Haller-Michael_2907_Kiewel Unlocking a combination treatment for T1D

Results from a recent UF Health pilot study led by Michael Haller, M.D. have led to a new national trial investigating a combination therapy approach for treating new-onset Type 1 diabetes patients.

1st Place: Kelsey Kite Looking back on Diabetes Awareness Month

During the month of November, UF and UF Health celebrated Diabetes Awareness Month with events to help support patients and research at UF Health.

Thank you for going blue!

diabetes-center Excellence in one place

At the University of Florida, we provide complete care for children and adults with diabetes. For our patients’ convenience, all our services are under one roof. Learn about our approach to comprehensive patient care.

New appointments: 1.855.UF.DIABETES (483.3422)

eye-450x305 Progress in sight

A new vision research facility is set to open at the University of Florida in 2015 that will be used to advance early detection and treatment options for eye-related complications, including diabetic retinopathy – the leading cause of adult blindness in the United States.

AMAD2 Stronger. Together.

The University of Florida and the American Diabetes Association are working together in efforts to improve the lives of all those impacted by diabetes and to pioneer strategies to prevent and reverse the disease. From innovative research to year-round advocacy, learn about the progress we are making as national leaders.

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1st Place: Kelsey Kite

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10349024_10154601931370223_8075969735757554008_n JDRF ‘Bag of Hope’ program comes to UF Health Shands Children’s Hospital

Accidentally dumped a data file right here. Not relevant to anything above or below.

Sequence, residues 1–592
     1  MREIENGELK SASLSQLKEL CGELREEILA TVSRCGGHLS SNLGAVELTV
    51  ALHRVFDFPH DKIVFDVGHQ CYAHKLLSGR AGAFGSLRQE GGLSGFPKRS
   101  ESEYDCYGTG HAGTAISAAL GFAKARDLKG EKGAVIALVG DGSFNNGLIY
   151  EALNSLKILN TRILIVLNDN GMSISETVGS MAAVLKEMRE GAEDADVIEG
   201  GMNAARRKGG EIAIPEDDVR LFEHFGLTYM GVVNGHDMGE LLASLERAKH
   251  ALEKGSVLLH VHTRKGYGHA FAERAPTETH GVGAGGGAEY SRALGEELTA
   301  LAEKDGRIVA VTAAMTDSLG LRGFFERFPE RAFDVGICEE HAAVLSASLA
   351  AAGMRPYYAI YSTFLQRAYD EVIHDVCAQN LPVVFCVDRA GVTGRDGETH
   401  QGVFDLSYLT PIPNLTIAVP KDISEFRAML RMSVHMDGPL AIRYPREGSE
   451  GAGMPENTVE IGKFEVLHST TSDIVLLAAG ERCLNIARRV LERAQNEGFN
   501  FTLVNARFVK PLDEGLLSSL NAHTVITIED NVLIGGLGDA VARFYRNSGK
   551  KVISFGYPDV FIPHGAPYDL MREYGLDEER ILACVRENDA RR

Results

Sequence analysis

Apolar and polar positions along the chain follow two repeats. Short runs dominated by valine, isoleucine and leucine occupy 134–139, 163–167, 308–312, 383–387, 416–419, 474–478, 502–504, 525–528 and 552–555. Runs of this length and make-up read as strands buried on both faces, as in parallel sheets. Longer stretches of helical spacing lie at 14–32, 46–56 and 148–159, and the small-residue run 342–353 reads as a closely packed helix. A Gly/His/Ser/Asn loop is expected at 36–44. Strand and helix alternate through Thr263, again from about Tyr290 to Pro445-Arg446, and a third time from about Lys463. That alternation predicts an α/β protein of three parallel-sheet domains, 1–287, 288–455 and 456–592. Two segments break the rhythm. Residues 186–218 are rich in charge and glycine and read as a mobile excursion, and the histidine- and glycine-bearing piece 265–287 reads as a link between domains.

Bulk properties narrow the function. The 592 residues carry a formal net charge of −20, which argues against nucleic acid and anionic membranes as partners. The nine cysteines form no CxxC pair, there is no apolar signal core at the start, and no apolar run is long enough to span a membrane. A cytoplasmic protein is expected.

UF Health Shands Children’s Hospital and the Juvenile Diabetes Research Foundation are making miracles of their own this holiday season through a new partnership that aims to help children and teens with type 1 diabetes. The JDRF Bag of Hope is filled with useful resources for both the child who has been diagnosed with T1D and his or her adult caregivers. Learn more.

Walgreens UF T1D research among JDRF’s Top 10 Research Advances in 2014

A collaborative Type 1 diabetes study led by researchers from UF and the Institute of Diabetes Research, Helmholtz Zentrum Munchen, in Germany was recently recognized among JDRF's Top 10 Research Advances in 2014. Bacterial interactions within the gut may influence T1D – building on the microbiome theory. Learn more.

Health-Money3 U.S. diabetes care costs soar, new study finds

A study in the December issue of Diabetes Care found health and other costs associated with diabetes care grew 48% in recent years, to $322 billion yearly. In 2012, excess medical costs and lost productivity associated with diabetes totaled more than $1,000 for every American. That total includes $244 billion in medical costs -- including doctor's office and hospital visits, prescription drugs and other health conditions such as high blood pressure and kidney complications -- and $78 billion in lost work productivity.

141007_hearthealth New research study examines complications in type 1 diabetes

Individuals with type 1 diabetes have a ten-times higher risk for cardiovascular events than age-matched non-diabetic populations. Researchers in the UF Department of Pediatrics are recruiting for a new, non-invasive study that will measure arterial stiffness in children. Long-term increases in the stiffness of blood vessels may increase the risk of heart attack and stroke. For more information, contact csmeehan@peds.ufl.edu.

Head Shot (2) UF Diabetes Expert Speaks at National Continuing Education Conference

Ashby Walker, Ph.D., research assistant professor in the Department of Health Outcomes and Policy, recently presented at a national conference for nurse educators and physicians in Tampa, Fla., to discuss a recent UF photo research project, in which children with Type 1 diabetes were prompted to take and explain five pictures that captured what diabetes meant to them. The photos and explanations provide valuable perspectives and highlight the differences in disease experiences based on gender and socioeconomic status.

Cola Processing sugar: Could artificial sweeteners promote diabetes?

Over the past decade, increased consumption of table sugar and artificial sweeteners have been linked to rising rates of obesity and Type 2 diabetes in the United States and throughout the world. Now, new research evidence builds on these previous findings, providing new insights into pathogenesis and innovative therapies for this important disease. Read more.

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